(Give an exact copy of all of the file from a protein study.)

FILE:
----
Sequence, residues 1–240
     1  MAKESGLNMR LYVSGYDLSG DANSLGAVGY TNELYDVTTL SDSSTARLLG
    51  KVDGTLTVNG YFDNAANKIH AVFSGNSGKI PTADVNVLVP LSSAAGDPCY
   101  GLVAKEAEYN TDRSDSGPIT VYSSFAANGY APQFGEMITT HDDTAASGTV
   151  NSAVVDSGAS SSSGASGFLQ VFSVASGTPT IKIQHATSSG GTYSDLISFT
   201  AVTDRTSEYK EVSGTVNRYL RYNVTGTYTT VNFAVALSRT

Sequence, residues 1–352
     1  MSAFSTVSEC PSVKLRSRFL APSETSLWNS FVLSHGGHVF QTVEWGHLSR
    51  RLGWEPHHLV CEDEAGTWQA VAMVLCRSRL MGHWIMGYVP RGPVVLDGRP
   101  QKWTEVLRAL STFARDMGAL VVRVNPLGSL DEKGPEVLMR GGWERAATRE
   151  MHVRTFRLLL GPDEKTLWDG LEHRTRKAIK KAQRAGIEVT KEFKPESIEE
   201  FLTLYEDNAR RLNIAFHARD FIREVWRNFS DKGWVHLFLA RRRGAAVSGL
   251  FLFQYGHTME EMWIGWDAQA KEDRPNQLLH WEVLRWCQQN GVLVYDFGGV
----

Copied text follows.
Sequence, residues 1–240
     1  MAKESGLNMR LYVSGYDLSG DANSLGAVGY TNELYDVTTL SDSSTARLLG
    51  KVDGTLTVNG YFDNAANKIH AVFSGNSGKI PTADVNVLVP LSSAAGDPCY
   101  GLVAKEAEYN TDRSDSGPIT VYSSFAANGY APQFGEMITT HDDTAASGTV
   151  NSAVVDSGAS SSSGASGFLQ VFSVASGTPT IKIQHATSSG GTYSDLISFT
   201  AVTDRTSEYK EVSGTVNRYL RYNVTGTYTT VNFAVALSRT

Sequence, residues 1–352
     1  MSAFSTVSEC PSVKLRSRFL APSETSLWNS FVLSHGGHVF QTVEWGHLSR
    51  RLGWEPHHLV CEDEAGTWQA VAMVLCRSRL MGHWIMGYVP RGPVVLDGRP
   101  QKWTEVLRAL STFARDMGAL VVRVNPLGSL DEKGPEVLMR GGWERAATRE
   151  MHVRTFRLLL GPDEKTLWDG LEHRTRKAIK KAQRAGIEVT KEFKPESIEE
   201  FLTLYEDNAR RLNIAFHARD FIREVWRNFS DKGWVHLFLA RRRGAAVSGL
   251  FLFQYGHTME EMWIGWDAQA KEDRPNQLLH WEVLRWCQQN GVLVYDFGGV